In our second reading for this Sunday, St. Paul lays out his resumé. In terms of the Judaism of his time, Paul was about as accomplished as one could hope to be: he was a defender of the tradition, steeped in the wisdom of his people, and blameless under the law. But after seeing Jesus risen from the dead, Paul said that he counted all of those achievements as loss and refuse. So we, he implies, should not base our lives on our accomplishments, degrees, social status–but rather on Christ crucified and risen.
All Is Loss
Cycle CLentWeek 5
by Bishop Robert BarronMarch 21, 2010
- Horror and Catholicism: Hounds of Hell Show Up for “Midnight Mass”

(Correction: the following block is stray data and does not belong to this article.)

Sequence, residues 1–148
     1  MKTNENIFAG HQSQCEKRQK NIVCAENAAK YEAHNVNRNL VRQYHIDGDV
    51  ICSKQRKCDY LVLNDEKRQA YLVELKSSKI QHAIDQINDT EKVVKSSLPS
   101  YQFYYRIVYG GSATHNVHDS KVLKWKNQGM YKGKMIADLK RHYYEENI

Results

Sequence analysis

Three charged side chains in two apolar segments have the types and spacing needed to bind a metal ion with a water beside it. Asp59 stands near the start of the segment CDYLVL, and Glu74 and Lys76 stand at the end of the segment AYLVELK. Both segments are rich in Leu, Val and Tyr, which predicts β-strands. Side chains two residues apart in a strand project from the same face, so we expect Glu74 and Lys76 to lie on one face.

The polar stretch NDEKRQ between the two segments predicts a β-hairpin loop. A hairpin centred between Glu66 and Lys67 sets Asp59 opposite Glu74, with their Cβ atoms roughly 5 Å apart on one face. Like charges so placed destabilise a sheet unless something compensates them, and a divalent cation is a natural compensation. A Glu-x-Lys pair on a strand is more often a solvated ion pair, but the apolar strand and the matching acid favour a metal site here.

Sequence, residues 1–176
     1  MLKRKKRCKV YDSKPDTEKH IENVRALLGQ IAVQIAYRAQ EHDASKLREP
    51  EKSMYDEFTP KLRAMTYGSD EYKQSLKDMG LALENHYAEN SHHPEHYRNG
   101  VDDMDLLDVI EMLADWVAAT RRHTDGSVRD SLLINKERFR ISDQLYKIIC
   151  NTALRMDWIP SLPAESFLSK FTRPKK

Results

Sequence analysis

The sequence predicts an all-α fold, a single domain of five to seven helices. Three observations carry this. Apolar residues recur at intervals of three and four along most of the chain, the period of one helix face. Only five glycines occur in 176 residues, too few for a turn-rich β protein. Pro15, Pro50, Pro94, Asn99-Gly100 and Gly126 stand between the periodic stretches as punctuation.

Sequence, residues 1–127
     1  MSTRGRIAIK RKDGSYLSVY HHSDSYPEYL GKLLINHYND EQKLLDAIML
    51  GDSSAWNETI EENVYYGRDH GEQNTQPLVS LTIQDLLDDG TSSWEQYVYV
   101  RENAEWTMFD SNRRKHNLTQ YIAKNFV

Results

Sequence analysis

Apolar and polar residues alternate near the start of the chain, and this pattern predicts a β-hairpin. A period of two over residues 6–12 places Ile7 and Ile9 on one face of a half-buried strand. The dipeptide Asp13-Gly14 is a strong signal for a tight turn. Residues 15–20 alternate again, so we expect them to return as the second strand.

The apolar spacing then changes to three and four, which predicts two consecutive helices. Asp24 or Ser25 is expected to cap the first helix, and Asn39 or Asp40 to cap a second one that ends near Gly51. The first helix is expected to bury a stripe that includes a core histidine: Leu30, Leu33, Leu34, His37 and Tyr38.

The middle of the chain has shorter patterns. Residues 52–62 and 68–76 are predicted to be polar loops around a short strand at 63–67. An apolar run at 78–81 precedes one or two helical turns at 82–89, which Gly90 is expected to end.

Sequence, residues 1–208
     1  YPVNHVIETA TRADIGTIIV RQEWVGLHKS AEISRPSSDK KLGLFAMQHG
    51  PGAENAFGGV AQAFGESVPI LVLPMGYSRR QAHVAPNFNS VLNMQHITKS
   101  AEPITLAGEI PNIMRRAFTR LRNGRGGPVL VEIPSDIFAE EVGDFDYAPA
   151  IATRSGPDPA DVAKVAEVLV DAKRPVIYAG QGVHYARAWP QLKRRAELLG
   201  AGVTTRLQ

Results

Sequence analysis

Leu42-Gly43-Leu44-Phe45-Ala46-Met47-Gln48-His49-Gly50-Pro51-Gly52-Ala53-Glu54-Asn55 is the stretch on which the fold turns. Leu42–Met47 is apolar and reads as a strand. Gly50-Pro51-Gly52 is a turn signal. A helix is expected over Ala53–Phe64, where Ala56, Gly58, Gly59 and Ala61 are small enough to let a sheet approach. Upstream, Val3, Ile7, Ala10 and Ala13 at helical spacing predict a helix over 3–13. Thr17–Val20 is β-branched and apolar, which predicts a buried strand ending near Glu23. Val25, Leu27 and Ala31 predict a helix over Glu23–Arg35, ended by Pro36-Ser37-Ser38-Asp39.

- Carrying Things to Term: Why Patience Is So Difficult
- John Henry Newman: Patron Saint of Novelists?
- Do You Really Want What God Wants?
- The Moral and Spiritual Purpose of the Law
- 2 Great Books to Complete the Year of St. Joseph
- Passing on the Faith Through Storytelling
- Marshall McLuhan and Pope Francis Call for Dialogue Over Hate
- Nassim Nicholas Taleb, Pascal’s Wager, and the Risks We Take
- It’s Time for a Radical Choice
- St. Bruno and Our Fear of Silence
- The News, Gluttony, and Rediscovering Peace
- The Heart of St. Francis of Assisi
- Sufjan Stevens and Angelo de Augustine Musically Blend Film and God
- How to Live a Meaningful Life
- St. Thérèse of Lisieux and the Demand of Love